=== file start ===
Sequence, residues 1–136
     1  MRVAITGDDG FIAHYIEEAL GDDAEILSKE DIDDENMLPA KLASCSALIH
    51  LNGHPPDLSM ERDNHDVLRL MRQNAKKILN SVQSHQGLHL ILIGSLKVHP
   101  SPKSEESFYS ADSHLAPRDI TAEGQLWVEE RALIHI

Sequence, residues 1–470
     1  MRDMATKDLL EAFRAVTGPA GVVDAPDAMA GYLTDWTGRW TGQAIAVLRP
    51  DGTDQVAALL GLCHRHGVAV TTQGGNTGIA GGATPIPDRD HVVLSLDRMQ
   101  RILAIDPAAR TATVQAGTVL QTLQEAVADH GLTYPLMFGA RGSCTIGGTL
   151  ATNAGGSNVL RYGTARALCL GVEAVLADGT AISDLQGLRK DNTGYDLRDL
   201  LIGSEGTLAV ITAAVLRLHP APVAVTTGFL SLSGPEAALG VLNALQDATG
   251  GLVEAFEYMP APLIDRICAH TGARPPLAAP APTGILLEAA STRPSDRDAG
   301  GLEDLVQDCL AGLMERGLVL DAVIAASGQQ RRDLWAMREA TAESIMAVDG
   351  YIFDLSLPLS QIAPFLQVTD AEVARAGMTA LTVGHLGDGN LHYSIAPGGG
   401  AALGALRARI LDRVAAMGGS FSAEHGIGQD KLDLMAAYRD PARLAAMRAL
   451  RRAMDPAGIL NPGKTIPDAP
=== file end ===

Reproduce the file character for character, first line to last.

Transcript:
Sequence, residues 1–136
     1  MRVAITGDDG FIAHYIEEAL GDDAEILSKE DIDDENMLPA KLASCSALIH
    51  LNGHPPDLSM ERDNHDVLRL MRQNAKKILN SVQSHQGLHL ILIGSLKVHP
   101  SPKSEESFYS ADSHLAPRDI TAEGQLWVEE RALIHI

Sequence, residues 1–470
     1  MRDMATKDLL EAFRAVTGPA GVVDAPDAMA GYLTDWTGRW TGQAIAVLRP
    51  DGTDQVAALL GLCHRHGVAV TTQGGNTGIA GGATPIPDRD HVVLSLDRMQ
   101  RILAIDPAAR TATVQAGTVL QTLQEAVADH GLTYPLMFGA RGSCTIGGTL
   151  ATNAGGSNVL RYGTARALCL GVEAVLADGT AISDLQGLRK DNTGYDLRDL
   201  LIGSEGTLAV ITAAVLRLHP APVAVTTGFL SLSGPEAALG VLNALQDATG
   251  GLVEAFEYMP APLIDRICAH TGARPPLAAP APTGILLEAA STRPSDRDAG
   301  GLEDLVQDCL AGLMERGLVL DAVIAASGQQ RRDLWAMREA TAESIMAVDG
   351  YIFDLSLPLS QIAPFLQVTD AEVARAGMTA LTVGHLGDGN LHYSIAPGGG
   401  AALGALRARI LDRVAAMGGS FSAEHGIGQD KLDLMAAYRD PARLAAMRAL
   451  RRAMDPAGIL NPGKTIPDAP